Whenever I find designs in everyday objects that went through a rigorous thought process, I do a victory dance inside my head. It fascinates me when a lot of thought has gone through designing things we use everyday. Things that are intuitive enough to go unnoticed.
Sometimes when I enter or exit an establishment I give it a Norman Door test just for fun. And if you happen to be one those people who find pushing or pulling on a door confusing, especially glass doors you are not alone. It’s not your fault, its a design failure.
Norman Door named after Don Norman, the author of The Design of Everyday Things (Published 1988) which explored the phenomenon of a poorly designed door that fails to give the users any idea if they should pull it or push it.
I’m a mediocre consumer, my wife trained me to only buy things I need. So my contact with consumer products is minimal and mostly in the form of groceries. On occasions when I do my supermarket runs some items that have caught my attention are those easy to open cans (although popping the tabs needs to be reworked).
We all know this scene ended badly for poor Sylvester the Cat. If only he did not need a can opener to get to his food. How about those resealable bags? Knowing that I don’t have to finish an entire bag of chips in one seating because they will go bad helped me stay in shape. Well not really but it was still a good idea.
So a couple of months back I needed to buy a mouse. I was not in the market for a super sexy, high performance game mouse. I just want a usable mouse that could help me get some work done dragging and pushing pixels. I didn’t even go to an electronics shop or a computer wonderland. I bought my unassuming mouse at an office warehouse kind of a depot.
I picked up a Logitech but I wont go into the the details why I chose this particular mouse because this has nothing to do with that. I want to talk about the packaging the mouse came in or out of?
To be honest I didn’t even have one until the point I liberated my brand new mouse from its packaging. But the simplicity of the design did jump out a little bit. The backing color as well, come to think of it the color made my eyes divert from an ocean of generic whites. It did not use a lot of text or technical jargons, just the model name, a short tagline or description and the brand. It felt safe.
You see how it’s standing on the laptop?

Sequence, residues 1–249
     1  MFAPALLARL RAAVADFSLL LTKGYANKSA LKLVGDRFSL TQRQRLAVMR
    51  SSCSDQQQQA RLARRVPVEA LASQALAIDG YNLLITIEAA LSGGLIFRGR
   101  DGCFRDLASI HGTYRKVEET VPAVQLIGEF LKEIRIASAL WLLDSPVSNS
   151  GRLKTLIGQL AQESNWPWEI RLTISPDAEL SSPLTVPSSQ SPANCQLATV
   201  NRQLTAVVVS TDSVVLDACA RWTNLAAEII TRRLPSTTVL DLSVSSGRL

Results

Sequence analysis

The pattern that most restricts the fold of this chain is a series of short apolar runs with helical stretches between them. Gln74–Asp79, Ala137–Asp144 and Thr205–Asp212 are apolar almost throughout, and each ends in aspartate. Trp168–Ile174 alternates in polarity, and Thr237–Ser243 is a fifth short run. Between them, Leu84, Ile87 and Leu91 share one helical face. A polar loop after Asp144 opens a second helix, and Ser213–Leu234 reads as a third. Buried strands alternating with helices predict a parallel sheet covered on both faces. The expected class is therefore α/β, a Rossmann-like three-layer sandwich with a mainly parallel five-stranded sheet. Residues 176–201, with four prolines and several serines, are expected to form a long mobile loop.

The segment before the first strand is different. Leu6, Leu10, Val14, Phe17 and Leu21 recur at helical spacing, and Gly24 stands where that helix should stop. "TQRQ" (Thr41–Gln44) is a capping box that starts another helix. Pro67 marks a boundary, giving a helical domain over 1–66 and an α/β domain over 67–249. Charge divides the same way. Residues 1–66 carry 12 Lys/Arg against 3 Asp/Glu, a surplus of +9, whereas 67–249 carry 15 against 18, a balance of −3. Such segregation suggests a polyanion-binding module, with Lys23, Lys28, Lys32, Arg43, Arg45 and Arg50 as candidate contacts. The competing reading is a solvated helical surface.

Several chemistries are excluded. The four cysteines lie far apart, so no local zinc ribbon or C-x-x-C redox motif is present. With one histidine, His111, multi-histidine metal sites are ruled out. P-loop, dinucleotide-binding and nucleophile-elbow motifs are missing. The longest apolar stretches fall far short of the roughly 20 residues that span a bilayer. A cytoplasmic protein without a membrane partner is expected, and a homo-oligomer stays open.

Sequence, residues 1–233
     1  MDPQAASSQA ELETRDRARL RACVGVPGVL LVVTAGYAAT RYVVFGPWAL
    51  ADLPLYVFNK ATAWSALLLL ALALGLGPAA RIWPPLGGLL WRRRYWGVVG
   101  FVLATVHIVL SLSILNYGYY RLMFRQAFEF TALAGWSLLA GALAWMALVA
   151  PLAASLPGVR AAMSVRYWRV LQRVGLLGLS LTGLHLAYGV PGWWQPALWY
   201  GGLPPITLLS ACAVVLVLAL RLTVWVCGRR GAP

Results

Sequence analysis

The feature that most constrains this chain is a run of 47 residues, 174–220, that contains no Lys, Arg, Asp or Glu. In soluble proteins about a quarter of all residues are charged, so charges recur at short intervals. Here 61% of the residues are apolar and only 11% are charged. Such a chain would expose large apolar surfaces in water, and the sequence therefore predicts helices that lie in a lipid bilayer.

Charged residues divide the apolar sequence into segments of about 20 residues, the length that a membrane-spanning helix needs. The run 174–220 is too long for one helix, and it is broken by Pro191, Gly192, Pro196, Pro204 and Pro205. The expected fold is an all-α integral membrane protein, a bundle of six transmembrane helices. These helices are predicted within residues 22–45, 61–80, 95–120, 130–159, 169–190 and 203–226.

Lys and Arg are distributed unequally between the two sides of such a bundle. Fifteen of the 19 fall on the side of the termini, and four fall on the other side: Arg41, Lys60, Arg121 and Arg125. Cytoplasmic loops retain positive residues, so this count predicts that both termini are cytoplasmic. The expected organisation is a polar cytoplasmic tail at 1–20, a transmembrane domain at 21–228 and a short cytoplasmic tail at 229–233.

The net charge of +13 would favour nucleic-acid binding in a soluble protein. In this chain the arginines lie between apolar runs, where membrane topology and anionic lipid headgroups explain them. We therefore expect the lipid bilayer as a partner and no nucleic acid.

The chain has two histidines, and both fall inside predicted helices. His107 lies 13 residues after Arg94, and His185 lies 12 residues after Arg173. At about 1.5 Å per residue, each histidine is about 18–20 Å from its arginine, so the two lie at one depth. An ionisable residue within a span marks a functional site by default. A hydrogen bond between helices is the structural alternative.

When I picked it up from the rack at the store it was hanging on this hanger thing. Then I saw this bubble at the back that made me wonder why it was added. Only when I started taking photos did I appreciate it being there. Probably one of its job was to allow it to stand on its own and sell itself, maybe.
I wasn’t looking forward to opening this thermoformed packaging. Based on previous experience this task involves scissors or a blade cutter, cutting one end only to discover you still need to rip its sides. Ending up with a mess and sharp plastic edges.
So it was a really pleasant surprise when I found out this package has perforated cutouts that makes it a breeze to open.
The 2 triangles on each side pointed me to where I should place my fingers to pry it. In between them the words “EASY OPEN” assures me that scissors or other cutting tools are not required.
The minimal content made important instructions hard to miss. The rest are just common product info. With a little effort I was able to take the mouse out. So now I’m ready to test it. But wait where is the wireless adapter? And the package also mentioned a battery.
No hidden pockets in the package so nothing left to explore but the mouse itself. Could they have put the battery in? But isn’t that dangerous and wont it use up the battery power if they did. I almost missed the icons but there it is. Two icons just under the battery cover, a battery and what looks like an adapter.
Weird place to put the power button though, always good to have to save power but maybe better if it just goes to sleep after some time of inactivity (which I found out later that it does). Continuing my quest to locate the mysterious adapter and answer why they placed the battery in. I took out the cover as the arrow indicates.
And there it is the battery and the not (really) missing adapter just below it. They even put a laminated arrow as if to say “Look here it is all along”. But wait what is that laminate really for? Oh it prevents the battery from making contact to the mouse power points. And pulling on it actually helps to remove the battery. That was clever.
And then it made me wonder why put the adapter inside? Were they trying to save space in the packaging? That doesn’t make sense. But it looks like they put a lot of thought in making that space where the adapter sits so snugly. Come to think of it. If you are mobile most of the time and the chances of misplacing the tiny adapter is high then it makes sense to make a compartment inside the mouse itself so they travel together. That way if you loose it whoever finds it gets a complete usable wireless mouse. Amazing! Just kidding on the last part but that makes sense too.
I’m a huge supporter of “User Centered Design” there are a lot of different process out there but ultimately you will find similarities in all of them. At the core of it is,
- Empathize – Talk to the users, try to find out what their pain points are. What problems they face. Share their experience.
- Analyze and Ideate – Figure out the best solution to solve the problem.
- Prototype or Wireframe – Build a bare minimum version.
- Usability Testing – Let the users try it out
User centered design should not only be celebrated but should also be embraced and promoted by everyone (creators and consumers).
The idea can transcend from everyday objects to almost anything that focuses on users and is not limited to humans. And it simply makes interaction with a system or an object more meaningful and the journey enjoyable.
Also published on Medium.